NOBEL PRIZE WINNER • From the acclaimed, bestselling author of The Remains of the Day comes “a Gothic tour de force" (The New York Times) with an extraordinary twist—a moving, suspenseful, beautifully atmospheric modern classic.
As children, Kathy, Ruth, and Tommy were students at Hailsham, an exclusive boarding school secluded in the English countryside. It was a place of mercurial cliques and mysterious rules where teachers were constantly reminding their charges of how special they were.
Now, years later, Kathy is a young woman. Ruth and Tommy have reentered her life. And for the first time she is beginning to look back at their shared past and understand just what it is that makes them special—and how that gift will shape the rest of their time together.
APPLE BOOKS REVIEW
Blending dystopian nightmare and humanist coming-of-age tale, Never Let Me Go sunk its claws into us. Set in a sinister English boarding school where teachers are referred to as “guardians,” the story follows protagonist Kathy as she navigates familiar teenage relationships and love triangles. We loved the novel’s nostalgic prose, and the disturbing questions it raises about how willingly people accept their fate. Like his Booker Prize-winning novel, The Remains of the Day, this Kazuo Ishiguro novel also inspired a hit film.
Like Ishiguro's previous works (The Remains of the Day; When We Were Orphans), his sixth novel is so exquisitely observed that even the most workaday objects and interactions are infused with a luminous, humming otherworldliness. The dystopian story it tells, meanwhile, gives it a different kind of electric charge. Set in late 1990s England, in a parallel universe in which humans are cloned and raised expressly to "donate" their healthy organs and thus eradicate disease from the normal population, this is an epic ethical horror story, told in devastatingly poignant miniature. By age 31, narrator (and clone) Kathy H has spent nearly 12 years as a "carer" to dozens of "donors." Knowing that her number is sure to come up soon, she recounts in excruciating detail the fraught, minute dramas of her happily sheltered childhood and adolescence at Hailsham, an idyllic, isolated school/orphanage where clone-students are encouraged to make art and feel special. Protected (as is the reader, at first) from the full truth about their eventual purpose in the larger world, "we were always just too young to understand properly the latest piece of information. But of course we'd take it in at some level, so that before long all this stuff was there in our heads without us ever having examined it properly." This tension of knowing-without-knowing permeates all of the students' tense, sweetly innocent interactions, especially Kath's touchingly stilted love triangle with two Hailsham classmates, manipulative Ruth and kind-hearted Tommy. In savoring the subtle shades of atmosphere and innuendo in these three small, tightly bound lives, Ishiguro spins a stinging cautionary tale of science outpacing ethics.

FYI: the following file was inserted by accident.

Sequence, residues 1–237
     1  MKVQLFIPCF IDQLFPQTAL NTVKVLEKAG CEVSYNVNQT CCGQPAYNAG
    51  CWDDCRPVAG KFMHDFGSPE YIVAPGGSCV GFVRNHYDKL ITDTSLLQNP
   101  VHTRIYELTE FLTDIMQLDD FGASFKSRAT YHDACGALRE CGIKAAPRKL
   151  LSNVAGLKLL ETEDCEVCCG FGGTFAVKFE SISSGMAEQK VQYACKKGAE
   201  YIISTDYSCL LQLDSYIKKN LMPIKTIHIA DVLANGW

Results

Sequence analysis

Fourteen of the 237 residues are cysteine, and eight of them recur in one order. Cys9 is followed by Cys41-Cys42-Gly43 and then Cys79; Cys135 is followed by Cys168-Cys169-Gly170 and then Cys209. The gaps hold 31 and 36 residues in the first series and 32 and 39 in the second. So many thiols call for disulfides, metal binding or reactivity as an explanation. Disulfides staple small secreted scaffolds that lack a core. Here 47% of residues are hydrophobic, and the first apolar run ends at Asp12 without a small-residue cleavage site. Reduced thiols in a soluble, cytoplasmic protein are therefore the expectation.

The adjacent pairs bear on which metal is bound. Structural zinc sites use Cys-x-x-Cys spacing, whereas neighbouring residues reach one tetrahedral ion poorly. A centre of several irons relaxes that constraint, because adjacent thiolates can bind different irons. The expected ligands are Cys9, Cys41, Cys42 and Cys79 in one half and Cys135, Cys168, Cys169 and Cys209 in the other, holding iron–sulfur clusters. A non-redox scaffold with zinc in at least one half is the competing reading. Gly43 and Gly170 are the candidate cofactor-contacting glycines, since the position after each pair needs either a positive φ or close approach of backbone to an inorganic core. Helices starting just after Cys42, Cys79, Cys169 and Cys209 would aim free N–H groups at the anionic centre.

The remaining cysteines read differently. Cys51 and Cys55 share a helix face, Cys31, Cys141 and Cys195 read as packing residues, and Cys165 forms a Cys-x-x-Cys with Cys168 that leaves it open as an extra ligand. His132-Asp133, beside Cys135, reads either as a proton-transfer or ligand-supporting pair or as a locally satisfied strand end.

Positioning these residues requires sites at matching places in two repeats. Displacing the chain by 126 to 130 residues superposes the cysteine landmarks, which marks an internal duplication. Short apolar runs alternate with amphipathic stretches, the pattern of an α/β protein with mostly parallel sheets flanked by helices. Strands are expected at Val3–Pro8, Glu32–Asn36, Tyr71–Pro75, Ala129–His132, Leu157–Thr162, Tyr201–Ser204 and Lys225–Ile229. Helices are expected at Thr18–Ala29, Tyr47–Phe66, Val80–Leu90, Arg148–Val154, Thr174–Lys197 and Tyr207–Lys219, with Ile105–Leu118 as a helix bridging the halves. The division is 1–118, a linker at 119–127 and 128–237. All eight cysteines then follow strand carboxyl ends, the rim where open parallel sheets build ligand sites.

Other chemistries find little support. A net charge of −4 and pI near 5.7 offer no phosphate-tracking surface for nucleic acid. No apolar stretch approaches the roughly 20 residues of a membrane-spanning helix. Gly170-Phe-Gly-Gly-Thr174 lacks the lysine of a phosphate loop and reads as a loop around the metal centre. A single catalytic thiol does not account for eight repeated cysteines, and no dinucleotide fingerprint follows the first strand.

Sad and disturbing later 20th century alternative history
Lean almost simple 1st person narrative of a particular direction the UK could have pursued after WWII. I almost don’t want to call this Sci-fi. Story builds over several decades. Even the climax and denouement are not shocking or a great surprise. But ultimately it leaves me frustrated, disturbed and sad. A very curious response for me to Sci-fi.
May Make You Nauseous
Probably as good from a literary standpoint as everyone seems to think it is. If you are human, however, it may make you nauseous.
Ishiguro’s book about friendship
This is an intense novel about memory and friendship. The fact the kids are doomed to die early provides the context for the exploration. The details a reader might want to know about the how this evil system came to be, how the “donation” process actually works, why the “completion” takes so long, why didn’t some of them just kill the themselves etc. are not discussed. Consequently, all these intense friendships and endless discussions don’t ring entirely true. But this dystopian story is not about those other things and what Ishiguro is able to do is focus on friendships and memory in a brutal environment.